02:51 There's a couple of obvious advantages here in that we can easily manipulate the design and try out different shapes to see what fits our space best.
02:59 However the key advantage is that we can then use the sheet metal functions inside of Fusion 360 and send a file to a sheet metal working company and have the parts laser cut, saving time and insuring accuracy.
03:13 As part of the design, we also incorporated some internal walls within the tank which serve two purposes.
03:19 Firstly, by incorporating these walls with a series of holes cut in them, it will help reduce fuel slosh in the tank and help to keep the fuel around the lift pump pick up.
03:29 Secondly, these walls will be stitch welded to each other as well as to the tank internally and this will provide some additional strength and rigidity.
03:37 We do need to consider how these parts will be assembled though, so that we can stitch weld them together.
03:42 If we assemble the tank from the bottom up, then we'll be able to access the inside of th tank to weld these parts together but of course we wouldn't be able to stitch them to the tank top when that's in place.
03:53 To solve this issue, we incorporated a number of tabs on the internal walls and these locate into matching slots on the tank lid.
04:01 These can then be welded together externally.
04:04 We also need a threaded plate to accept the bolts for the Radium surge tank bolt pattern.
04:09 This part needs to be thick enough to be tapped for the bolts and this will be welded to the inside of the tank lid so of course it needs to be made from the same material as the fuel tank for compatibility.
04:20 The section that will make up the rear and the sides of the tank could have been made out of separate parts, however we can easily make this from a single section and bend the sheet as required into what will become the corners.
04:32 This simplifies the construction and reduces the number of parts as well as the number of welds that we'll need to complete.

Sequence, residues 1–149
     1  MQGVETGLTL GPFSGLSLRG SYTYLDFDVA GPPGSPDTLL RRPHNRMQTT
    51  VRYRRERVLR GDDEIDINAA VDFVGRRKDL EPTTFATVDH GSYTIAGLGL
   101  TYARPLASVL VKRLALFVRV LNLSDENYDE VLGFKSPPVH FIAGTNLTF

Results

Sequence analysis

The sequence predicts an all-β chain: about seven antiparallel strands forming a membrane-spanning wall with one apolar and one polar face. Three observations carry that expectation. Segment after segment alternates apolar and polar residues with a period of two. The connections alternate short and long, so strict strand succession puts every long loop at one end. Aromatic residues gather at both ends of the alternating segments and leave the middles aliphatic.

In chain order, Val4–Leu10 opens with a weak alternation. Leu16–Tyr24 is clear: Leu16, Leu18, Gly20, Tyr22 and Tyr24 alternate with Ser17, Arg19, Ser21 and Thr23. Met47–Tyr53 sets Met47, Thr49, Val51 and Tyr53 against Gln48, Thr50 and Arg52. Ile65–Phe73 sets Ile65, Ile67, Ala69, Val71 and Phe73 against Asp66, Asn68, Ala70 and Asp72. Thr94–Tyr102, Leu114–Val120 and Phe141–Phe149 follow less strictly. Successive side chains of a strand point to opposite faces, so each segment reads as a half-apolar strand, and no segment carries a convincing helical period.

04:39 It of course does require access to a bender though so depending on the tools you have available, it could still be constructed using separate panels.
04:48 Lastly, we incorporated an angle on the rear lower section of the tank to provide a better aesthetic look to the tank as well as to optimise the departure angle we already discussed.
04:59 Another advantage of using Fusion 360 is that we can use the software to quickly and easily calculate the volume of the tank which came out to be 54.5 litres although this will be reduced marginally by the volume of the surge tank when that's fitted.
05:15 Sufficed to say, this is going to end up above our 50 litre target so we're good to go.
05:20 With our design finalised in CAD, we also made a cardboard mock up of the tank so that we could physically confirm fitment as well as to get a sense of how the finished tank would look in the truck.
05:31 You could argue that the looks really aren't too important to the function of the fuel tank but whenever we're making parts for our vehicles, we usually want to produce something that not only works as expected but looks great too.
05:43 With the planning and design stage complete, we can now move on and select the materials we're going to use.